Applying mathematics to evaluate vaccine effectiveness

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The development of a successful vaccine and immunisation programme depends on the collaboration of different partners from industry and academia. Dr Jianhong Wu and his colleagues from York University, Canada, and the researchers at Sanofi Pasteur, Canada’s largest vaccine provider, have been developing a comprehensive and integrative mathematical modelling framework that analyses randomised-controlled trial (RCT) data, to evaluate the effectiveness of vaccination programmes in overcoming the public health and economic burden associated with the outcomes of influenza and pertussis infection.

Seasonal influenza and its resulting complications pose significant public health and economic burdens across many countries. It is difficult to estimate the true impact of influenza, due to its seasonal variability, its wide range of presentation and the diverse range of complications it can cause, from pneumonia to adverse cardiovascular events. It is important to devise methods that can capture the true annual burden of influenza, so that adequate prevention and control policies, including vaccinations, can be put in place worldwide.

While the toll of influenza on health and livelihood is mainly felt among the elderly, a highly contagious pathogen, Bordetella pertussis, is at the root of more severe complications among young children. It is estimated to cause 16 million cases of pertussis, resulting in 195,000 paediatric deaths around the world every year. Vaccination is the most effective measure to reduce the burden of pertussis. However, recent high rates of the disease worldwide have elicited concerns from public health experts on the effectiveness of current pertussis control programmes.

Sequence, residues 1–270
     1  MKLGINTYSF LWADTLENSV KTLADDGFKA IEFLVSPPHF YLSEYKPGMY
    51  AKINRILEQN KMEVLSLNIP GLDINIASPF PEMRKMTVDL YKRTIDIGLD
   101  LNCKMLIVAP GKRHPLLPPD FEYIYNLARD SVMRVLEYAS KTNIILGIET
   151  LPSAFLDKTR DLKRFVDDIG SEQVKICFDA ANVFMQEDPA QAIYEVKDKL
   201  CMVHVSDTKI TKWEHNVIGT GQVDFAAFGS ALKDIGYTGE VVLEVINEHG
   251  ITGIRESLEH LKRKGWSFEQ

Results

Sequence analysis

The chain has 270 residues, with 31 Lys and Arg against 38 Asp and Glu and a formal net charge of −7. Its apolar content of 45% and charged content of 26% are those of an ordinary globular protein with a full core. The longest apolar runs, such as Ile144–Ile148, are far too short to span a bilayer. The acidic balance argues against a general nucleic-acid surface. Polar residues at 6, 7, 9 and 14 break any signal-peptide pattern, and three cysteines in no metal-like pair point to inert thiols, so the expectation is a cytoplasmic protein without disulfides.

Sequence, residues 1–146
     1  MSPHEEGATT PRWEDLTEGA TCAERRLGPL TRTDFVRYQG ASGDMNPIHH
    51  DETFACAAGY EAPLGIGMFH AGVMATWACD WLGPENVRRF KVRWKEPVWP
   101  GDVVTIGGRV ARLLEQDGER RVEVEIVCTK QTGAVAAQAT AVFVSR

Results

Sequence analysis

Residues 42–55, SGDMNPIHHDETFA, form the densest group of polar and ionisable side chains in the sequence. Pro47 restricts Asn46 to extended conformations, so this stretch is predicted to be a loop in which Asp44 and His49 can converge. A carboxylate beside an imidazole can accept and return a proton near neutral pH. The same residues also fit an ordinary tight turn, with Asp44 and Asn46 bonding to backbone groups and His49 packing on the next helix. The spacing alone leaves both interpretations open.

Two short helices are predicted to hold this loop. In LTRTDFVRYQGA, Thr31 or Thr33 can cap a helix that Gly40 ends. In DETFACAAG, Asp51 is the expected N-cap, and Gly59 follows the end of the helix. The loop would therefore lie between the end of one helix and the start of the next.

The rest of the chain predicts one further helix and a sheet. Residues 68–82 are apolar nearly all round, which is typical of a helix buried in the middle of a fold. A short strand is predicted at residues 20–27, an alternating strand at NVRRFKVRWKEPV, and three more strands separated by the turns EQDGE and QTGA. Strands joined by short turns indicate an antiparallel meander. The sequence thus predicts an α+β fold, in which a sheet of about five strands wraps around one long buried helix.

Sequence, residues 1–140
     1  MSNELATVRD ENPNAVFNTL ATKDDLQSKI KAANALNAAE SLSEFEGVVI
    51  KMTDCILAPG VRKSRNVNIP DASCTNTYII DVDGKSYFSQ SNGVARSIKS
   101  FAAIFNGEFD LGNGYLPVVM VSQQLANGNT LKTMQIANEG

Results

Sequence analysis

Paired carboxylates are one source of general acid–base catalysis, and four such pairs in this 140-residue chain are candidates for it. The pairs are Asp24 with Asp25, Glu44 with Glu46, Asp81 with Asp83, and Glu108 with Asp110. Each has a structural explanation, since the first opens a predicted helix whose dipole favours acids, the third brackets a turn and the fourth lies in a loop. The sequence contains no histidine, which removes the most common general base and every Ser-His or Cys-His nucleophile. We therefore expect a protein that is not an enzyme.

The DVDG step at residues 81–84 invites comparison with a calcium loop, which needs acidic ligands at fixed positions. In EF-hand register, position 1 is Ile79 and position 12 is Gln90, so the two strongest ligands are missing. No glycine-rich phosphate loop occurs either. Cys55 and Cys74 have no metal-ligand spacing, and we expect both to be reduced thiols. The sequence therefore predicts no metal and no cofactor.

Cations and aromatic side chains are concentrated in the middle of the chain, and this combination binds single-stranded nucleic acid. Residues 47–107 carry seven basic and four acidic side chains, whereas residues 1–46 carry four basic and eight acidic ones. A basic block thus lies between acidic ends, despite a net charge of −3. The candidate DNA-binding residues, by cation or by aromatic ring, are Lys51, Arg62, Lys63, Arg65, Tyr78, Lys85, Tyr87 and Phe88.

An academic–industry collaboration emerges

Dr Jianhong Wu and his team from York University, Canada, have partnered with Sanofi Pasteur, the largest Canadian vaccine provider, to establish the Industrial Research Chair in Vaccine Mathematics, Modelling and Manufacturing (IRC), which has been developing cutting-edge mathematical technologies and training the next generation of mathematical modelling experts to meet the significant challenges faced by Canadian vaccine manufacturers.


The IRC aims to develop a comprehensive model that analyses randomised-controlled trial (RCT) data, to quantify the public health and economic burden associated with the onset of complications from influenza and childhood diseases including pertussis infections among the most vulnerable populations. In collaboration with Sanofi, Dr Wu and his team have developed a dedicated resource that is capable of providing strategic inputs, data and advice, and enhanced research capacity in mathematical modelling for targets relevant to the Canadian vaccine industry’s product pipeline. The partnership supports data analytics for impact and safety assessment, rapid production response, and retroactive evaluation of vaccine programmes. The mathematical models and datasets collected by Dr Wu’s team can be an invaluable asset for the evaluation of transmission dynamics and risk projections of disease spread through population mobility, demographic shift and contact mixing.